Tokyo Grand Tea Ceremony is a yearly opportunity for beginners and experienced tea drinkers to enjoy a traditional Japanese tea ceremony.
Japan is well known for it’s matcha green tea and the traditional Japanese tea ceremony. Japanese tea ceremonies are very much about rituals, etiquette and hospitality, hence there are many small details one should know in order to attend a real tea ceremony. The Tokyo Grand Tea Ceremony is an informal event held in Hamarikyu Gardens, Tokyo each year in October (find dates here). During this event many tea ceremonies are carried out. Both indoors and outdoors, for advanced tea drinkers, for beginners, for children and there are even ceremonies carried out in English. If you visit Japan as a tourist in October this is a really great opportunity to get acquainted with an important piece of traditional Japanese culture.
The ceremonies carried out during the Tokyo Grand Tea Ceremony are designed for beginners. That means you don’t have bring or prepare anything. However be aware that the indoor events are hugely popular and typically require advance reservations. A ticket for one of the outdoor ceremonies can easily be bought on the day.
Outdoor ceremonies start at ¥300 ($3) and include tea and a traditional sweet. If you can’t time your visit in Japan with the Tokyo Grand Tea Ceremony, then the tea house in Hamarikyu Gardens offers green tea on all other days. You can also book a local tea ceremony in Ginza, Tokyo if you are looking for a more intimate experience.
How to behave at a Japanese Tea Ceremony
There are many, very specific details associated with the Japanese tea ceremony. Here I will just cover what a beginner needs to know.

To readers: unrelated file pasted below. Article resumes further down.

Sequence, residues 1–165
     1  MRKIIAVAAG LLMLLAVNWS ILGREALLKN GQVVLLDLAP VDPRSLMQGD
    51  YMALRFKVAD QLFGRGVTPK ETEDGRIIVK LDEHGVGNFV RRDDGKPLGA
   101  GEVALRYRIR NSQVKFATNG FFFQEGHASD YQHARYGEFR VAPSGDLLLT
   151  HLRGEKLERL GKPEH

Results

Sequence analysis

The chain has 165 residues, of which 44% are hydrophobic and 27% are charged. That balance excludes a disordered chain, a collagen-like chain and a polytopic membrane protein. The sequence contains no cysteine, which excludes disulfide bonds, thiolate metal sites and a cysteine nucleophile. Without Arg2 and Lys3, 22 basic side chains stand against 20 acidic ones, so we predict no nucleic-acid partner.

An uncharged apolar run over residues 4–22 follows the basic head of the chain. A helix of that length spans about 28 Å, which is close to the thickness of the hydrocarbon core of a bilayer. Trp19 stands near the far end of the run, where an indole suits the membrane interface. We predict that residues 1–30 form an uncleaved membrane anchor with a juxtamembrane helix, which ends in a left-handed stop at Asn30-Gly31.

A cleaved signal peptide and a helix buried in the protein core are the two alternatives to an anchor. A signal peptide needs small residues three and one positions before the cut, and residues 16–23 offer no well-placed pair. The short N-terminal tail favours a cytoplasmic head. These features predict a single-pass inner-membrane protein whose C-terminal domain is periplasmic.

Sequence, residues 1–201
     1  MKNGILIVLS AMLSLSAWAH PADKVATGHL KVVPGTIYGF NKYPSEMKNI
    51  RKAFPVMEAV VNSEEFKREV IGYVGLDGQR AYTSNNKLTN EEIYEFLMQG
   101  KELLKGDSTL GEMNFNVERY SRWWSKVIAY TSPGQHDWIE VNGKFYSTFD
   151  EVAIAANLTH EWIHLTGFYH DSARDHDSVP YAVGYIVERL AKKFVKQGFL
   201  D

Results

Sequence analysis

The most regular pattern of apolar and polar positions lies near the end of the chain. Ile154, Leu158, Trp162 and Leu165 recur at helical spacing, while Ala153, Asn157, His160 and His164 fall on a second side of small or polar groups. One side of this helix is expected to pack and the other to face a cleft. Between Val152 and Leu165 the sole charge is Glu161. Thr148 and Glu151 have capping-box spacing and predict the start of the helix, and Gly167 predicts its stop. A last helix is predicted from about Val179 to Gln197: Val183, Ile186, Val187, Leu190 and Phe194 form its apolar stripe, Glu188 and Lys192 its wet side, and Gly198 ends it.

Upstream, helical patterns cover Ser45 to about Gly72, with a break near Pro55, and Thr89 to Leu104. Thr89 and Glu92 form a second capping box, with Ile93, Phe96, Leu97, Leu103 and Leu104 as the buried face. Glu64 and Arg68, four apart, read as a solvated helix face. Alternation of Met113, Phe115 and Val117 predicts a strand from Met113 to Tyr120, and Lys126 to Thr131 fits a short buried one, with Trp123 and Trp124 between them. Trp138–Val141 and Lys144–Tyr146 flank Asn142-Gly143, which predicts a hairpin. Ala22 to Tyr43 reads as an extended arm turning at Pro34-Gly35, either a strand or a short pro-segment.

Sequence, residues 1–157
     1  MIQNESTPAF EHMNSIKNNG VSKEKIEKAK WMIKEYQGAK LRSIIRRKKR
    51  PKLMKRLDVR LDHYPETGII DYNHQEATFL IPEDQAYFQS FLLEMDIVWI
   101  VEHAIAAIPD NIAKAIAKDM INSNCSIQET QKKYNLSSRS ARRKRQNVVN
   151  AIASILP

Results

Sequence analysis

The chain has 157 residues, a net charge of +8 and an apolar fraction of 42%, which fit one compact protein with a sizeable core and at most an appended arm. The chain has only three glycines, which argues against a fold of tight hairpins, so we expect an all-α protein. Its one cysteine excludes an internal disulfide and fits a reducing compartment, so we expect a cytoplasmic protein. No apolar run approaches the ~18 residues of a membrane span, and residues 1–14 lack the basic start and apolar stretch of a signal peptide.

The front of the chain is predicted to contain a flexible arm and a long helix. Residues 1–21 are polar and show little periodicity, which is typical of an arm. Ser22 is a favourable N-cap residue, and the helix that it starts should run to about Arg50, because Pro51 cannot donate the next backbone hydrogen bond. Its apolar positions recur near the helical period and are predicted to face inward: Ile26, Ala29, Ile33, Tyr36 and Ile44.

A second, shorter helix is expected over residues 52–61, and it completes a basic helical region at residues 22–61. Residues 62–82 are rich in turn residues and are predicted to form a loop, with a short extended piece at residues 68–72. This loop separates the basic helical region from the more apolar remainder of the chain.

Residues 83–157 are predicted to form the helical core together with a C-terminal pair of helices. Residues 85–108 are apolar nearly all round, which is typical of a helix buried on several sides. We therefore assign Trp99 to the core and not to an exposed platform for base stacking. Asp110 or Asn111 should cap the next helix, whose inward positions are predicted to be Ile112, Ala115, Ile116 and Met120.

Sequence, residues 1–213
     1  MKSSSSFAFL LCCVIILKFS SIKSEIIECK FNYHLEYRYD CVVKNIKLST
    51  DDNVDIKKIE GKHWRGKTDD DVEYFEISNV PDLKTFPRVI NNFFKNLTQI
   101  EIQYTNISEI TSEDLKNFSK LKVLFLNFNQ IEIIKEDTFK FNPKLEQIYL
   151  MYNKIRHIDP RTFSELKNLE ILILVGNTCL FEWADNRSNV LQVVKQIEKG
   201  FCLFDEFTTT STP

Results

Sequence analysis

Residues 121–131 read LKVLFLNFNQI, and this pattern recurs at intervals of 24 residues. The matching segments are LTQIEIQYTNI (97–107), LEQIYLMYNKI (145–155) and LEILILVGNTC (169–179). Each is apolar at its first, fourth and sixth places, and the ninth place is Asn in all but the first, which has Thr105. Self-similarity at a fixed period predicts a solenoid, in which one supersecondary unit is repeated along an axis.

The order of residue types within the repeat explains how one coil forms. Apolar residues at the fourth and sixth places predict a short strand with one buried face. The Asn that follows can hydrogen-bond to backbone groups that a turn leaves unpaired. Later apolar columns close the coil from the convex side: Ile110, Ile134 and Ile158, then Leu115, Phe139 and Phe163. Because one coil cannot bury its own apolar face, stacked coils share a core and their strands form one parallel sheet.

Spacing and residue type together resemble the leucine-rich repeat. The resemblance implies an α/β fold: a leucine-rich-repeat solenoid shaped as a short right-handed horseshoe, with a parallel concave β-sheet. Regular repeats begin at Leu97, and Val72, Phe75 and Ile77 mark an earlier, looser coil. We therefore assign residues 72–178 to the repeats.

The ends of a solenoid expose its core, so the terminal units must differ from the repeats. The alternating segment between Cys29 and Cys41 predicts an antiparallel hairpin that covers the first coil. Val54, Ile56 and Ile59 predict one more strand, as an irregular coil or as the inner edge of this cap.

- You will first be served wagashi, a traditional Japanese sweet.
- Look at the person sitting next to you and say “Pardon me for going ahead“.
- Place the sweet on the special kaishi paper and split it into smaller pieces with the supplied tools.
- Eat the sweets before the tea arrives.
- Green tea is served.
- Look at the person next to you and say “Pardon me for going ahead“.
- Take the cup with your right hand and place it on your left hands palm.
- Notice which side of the cup points towards yourself. This is the “front” of the cup.
- Wrap your right hand around the side of the cup and in two moved rotate the cup 180 degrees (90 degrees each time).
- Now drink all of your tea in 2-4 sips.
- When done drinking the tea, wipe the edge of the cup using your thumb and index finger. Dry your finger in kaishi paper.
- In two movements, rotate the cup back to it’s original position. It’s important to turn back the opposite direction of what you did before drinking. if you turned 180 degrees clockwise, then turn it back 180 degrees counter-clockwise.
- Using your right hand, put the cup down in front of you if seated inside.
- Return the cup to the host showing your appreciation.
Background of tea ceremonies in Japan
Tea drinking has been around in Japan since the 1100’s when the tradition was imported from China. The custom spread throughout Japan with Zen Buddhism. Since then it has been refined and adapted to Japanese culture. Many schools of tea ceremony exist in Japan, but the Tokyo Grand Tea Ceremony doesn’t discriminate between those. Hence it’s not publicly announced which schools hold the individual ceremonies.
You might also be interested in these posts: Top Travel Guides for Japan, Visiting Japan on a Budget and Japan Rail Pass.
By train: the nearest stations are Shiodome Station and Tsukijishijo Station. Take the Odeo Line to Tsukijishijo Station or Yurikamone Line or Odeo Line to Shiodome Station. From both stations it’s a short 5 minute walk to Hamarikyu Gardens.
If you travel with a Japan Rail Pass you can get off at Shimbashi Station which is a 10 minute walk from the park. The Yamanote, Tokaido, Yokosuka, Keihntohoku and Joban Lines all stop at Shimbashi (all covered by JR pass). The Asakusa and Ginza Lines also stop at Shimbashi.
By boat: the Tokyo Mizube Cruising Line (water bus) has a landing point inside Hamarikyu Gardens. The Asakusa-Odaiba Line makes stops here, but only a few times a day, so check the schedule if you are interested.